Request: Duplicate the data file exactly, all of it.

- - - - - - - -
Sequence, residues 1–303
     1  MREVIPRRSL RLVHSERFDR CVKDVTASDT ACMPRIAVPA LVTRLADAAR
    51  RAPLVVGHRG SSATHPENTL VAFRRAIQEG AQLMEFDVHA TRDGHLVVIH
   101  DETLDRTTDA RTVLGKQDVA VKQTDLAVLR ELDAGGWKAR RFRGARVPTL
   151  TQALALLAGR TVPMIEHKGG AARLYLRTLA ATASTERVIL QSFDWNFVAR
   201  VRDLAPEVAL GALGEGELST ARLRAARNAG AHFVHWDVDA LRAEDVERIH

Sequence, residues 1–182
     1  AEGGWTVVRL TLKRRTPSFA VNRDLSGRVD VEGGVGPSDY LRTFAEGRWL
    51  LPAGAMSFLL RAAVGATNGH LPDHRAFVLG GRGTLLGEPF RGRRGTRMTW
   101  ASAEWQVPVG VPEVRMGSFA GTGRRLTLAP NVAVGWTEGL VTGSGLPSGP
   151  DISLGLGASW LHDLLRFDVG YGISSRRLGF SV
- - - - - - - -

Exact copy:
Sequence, residues 1–303
     1  MREVIPRRSL RLVHSERFDR CVKDVTASDT ACMPRIAVPA LVTRLADAAR
    51  RAPLVVGHRG SSATHPENTL VAFRRAIQEG AQLMEFDVHA TRDGHLVVIH
   101  DETLDRTTDA RTVLGKQDVA VKQTDLAVLR ELDAGGWKAR RFRGARVPTL
   151  TQALALLAGR TVPMIEHKGG AARLYLRTLA ATASTERVIL QSFDWNFVAR
   201  VRDLAPEVAL GALGEGELST ARLRAARNAG AHFVHWDVDA LRAEDVERIH

Sequence, residues 1–182
     1  AEGGWTVVRL TLKRRTPSFA VNRDLSGRVD VEGGVGPSDY LRTFAEGRWL
    51  LPAGAMSFLL RAAVGATNGH LPDHRAFVLG GRGTLLGEPF RGRRGTRMTW
   101  ASAEWQVPVG VPEVRMGSFA GTGRRLTLAP NVAVGWTEGL VTGSGLPSGP
   151  DISLGLGASW LHDLLRFDVG YGISSRRLGF SV